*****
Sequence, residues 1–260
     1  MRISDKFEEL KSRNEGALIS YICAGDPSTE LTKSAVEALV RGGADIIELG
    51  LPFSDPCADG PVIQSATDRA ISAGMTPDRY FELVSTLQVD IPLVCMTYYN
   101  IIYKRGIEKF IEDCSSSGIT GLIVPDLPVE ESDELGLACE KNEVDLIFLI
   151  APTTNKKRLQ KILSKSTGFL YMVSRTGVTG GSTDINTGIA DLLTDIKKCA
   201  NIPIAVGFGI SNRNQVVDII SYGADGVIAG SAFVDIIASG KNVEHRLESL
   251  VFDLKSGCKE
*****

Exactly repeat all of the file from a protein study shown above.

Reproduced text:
Sequence, residues 1–260
     1  MRISDKFEEL KSRNEGALIS YICAGDPSTE LTKSAVEALV RGGADIIELG
    51  LPFSDPCADG PVIQSATDRA ISAGMTPDRY FELVSTLQVD IPLVCMTYYN
   101  IIYKRGIEKF IEDCSSSGIT GLIVPDLPVE ESDELGLACE KNEVDLIFLI
   151  APTTNKKRLQ KILSKSTGFL YMVSRTGVTG GSTDINTGIA DLLTDIKKCA
   201  NIPIAVGFGI SNRNQVVDII SYGADGVIAG SAFVDIIASG KNVEHRLESL
   251  VFDLKSGCKE